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Citrus Cake with Citrus Marmalade Filling & Orange-Lemon Icing

“Life is uncertain.  Eat dessert first.”  

~ Ernestine Ulmer

This was only my second foray into layer cakes. My first (a lemon poppyseed cake, my very first post) was…well, delicious but quite tilty and misshapen. I’ve been picking up tips and bits of advice since then and finally decided to try and put them into practice.

citrus marmalade cake finished slice

I had pinned this amazing-sounding (and amazing-looking, but my hopes aren’t as high!) citrus cake a very long time ago, and while I was perusing all the layer cakes I’d pinned, this was the one that kept standing out. I’ll usually choose a fruity dessert over chocolate or something rich.

citrus marmalade cake finished

I loved the combination of flavors, and it turned out so much better looks-wise than my last attempt!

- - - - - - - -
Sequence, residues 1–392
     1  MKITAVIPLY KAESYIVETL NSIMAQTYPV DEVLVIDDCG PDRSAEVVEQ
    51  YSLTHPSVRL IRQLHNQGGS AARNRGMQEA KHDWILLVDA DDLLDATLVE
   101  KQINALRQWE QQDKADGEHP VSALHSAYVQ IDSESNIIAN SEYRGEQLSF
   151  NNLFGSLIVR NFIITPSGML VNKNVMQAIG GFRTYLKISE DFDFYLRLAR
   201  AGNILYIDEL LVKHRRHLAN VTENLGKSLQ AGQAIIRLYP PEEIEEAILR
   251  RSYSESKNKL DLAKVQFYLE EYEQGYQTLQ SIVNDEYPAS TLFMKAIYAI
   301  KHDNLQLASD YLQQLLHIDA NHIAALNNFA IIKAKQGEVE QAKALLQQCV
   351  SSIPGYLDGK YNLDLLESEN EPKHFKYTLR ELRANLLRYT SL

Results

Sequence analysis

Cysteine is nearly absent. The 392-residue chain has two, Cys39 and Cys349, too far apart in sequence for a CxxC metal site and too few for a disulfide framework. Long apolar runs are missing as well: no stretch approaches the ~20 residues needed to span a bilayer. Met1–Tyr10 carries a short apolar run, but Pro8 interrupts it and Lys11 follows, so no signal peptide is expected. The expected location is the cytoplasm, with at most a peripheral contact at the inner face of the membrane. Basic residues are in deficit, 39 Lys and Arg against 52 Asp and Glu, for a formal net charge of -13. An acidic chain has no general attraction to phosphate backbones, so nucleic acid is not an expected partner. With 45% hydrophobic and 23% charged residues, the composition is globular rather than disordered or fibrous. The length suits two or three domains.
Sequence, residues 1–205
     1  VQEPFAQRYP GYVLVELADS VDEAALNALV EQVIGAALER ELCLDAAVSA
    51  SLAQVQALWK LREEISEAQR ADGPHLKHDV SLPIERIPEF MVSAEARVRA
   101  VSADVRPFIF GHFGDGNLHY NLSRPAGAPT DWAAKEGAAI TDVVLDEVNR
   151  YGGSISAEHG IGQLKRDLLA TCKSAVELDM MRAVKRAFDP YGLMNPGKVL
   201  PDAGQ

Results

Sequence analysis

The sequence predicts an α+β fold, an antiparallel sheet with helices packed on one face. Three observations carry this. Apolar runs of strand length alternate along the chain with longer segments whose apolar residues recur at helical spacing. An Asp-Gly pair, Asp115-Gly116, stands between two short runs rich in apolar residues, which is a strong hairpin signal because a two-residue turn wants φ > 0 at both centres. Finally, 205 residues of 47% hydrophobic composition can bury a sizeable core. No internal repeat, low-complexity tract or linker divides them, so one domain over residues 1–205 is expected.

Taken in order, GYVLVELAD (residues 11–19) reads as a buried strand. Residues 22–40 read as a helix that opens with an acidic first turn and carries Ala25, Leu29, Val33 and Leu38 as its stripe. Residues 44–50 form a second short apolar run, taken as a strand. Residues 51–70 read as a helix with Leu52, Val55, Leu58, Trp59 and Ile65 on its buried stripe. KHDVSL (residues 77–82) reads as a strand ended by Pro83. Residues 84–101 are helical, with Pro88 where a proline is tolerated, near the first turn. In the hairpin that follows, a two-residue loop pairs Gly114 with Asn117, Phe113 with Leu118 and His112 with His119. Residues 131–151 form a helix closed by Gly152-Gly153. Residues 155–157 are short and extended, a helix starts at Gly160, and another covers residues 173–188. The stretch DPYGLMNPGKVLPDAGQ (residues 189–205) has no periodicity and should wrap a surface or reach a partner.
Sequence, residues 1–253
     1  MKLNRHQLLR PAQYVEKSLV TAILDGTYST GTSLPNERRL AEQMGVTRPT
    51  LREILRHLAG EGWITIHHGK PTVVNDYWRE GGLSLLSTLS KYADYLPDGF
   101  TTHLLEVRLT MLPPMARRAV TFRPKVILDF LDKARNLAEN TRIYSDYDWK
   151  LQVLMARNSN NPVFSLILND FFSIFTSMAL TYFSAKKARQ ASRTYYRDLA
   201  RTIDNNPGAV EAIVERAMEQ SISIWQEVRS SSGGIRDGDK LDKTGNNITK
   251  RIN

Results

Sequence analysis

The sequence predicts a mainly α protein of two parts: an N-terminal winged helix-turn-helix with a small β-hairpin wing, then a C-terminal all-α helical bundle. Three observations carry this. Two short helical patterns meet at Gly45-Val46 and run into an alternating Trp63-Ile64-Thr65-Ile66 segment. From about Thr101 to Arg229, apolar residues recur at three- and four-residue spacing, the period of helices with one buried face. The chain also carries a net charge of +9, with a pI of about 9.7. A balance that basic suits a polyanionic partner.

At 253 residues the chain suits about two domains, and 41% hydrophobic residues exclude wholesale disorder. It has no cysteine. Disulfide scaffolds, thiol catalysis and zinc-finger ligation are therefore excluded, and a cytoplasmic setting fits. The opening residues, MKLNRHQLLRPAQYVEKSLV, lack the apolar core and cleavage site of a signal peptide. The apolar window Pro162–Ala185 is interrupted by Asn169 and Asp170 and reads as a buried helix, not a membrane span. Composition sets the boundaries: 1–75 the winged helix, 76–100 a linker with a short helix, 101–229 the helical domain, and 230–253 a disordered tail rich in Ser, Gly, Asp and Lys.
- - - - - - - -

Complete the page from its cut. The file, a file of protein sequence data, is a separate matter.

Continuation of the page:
citrus marmalade cake lemon orange zest

Grate the heck out of two lemons and two oranges.

citrus marmalade cake pans prepared

Step one: set butter and eggs out so they come to room temperature, then prepare the pans. This is one of the things I didn’t do correctly the first time I made a layer cake.

Soften or partially melt some butter, and with a pastry brush paint the entire interior of both pans. Then trace around them on parchment paper and cut parchment paper circles, which will fit inside each pan. Brush the parchment paper with butter (like the picture above). Finally, pour a little flour into the pans (or cocoa if you were making a chocolate cake) and rotate and gently pat to get the flour coating the entire pan.

citrus marmalade cake flour

In a medium bowl, whisk together the flour, baking powder, baking soda, and salt, then set aside.

To make the cake a little bit lighter and fluffier, I use “cake flour”. It’s in quotation marks because I’m way too cheap to buy cake flour, which is RIDICULOUS EXPENSIVE. So I just replace 1-2 tablespoons of every cup of flour with cornstarch and sift together very well. The cornstarch makes it light, and the sifting aerates it as well.

citrus marmalade cake butter sugar

Using a good stand mixer, beat the butter and sugar on medium-high until it’s nice and fluffy (took about 2 minutes for me).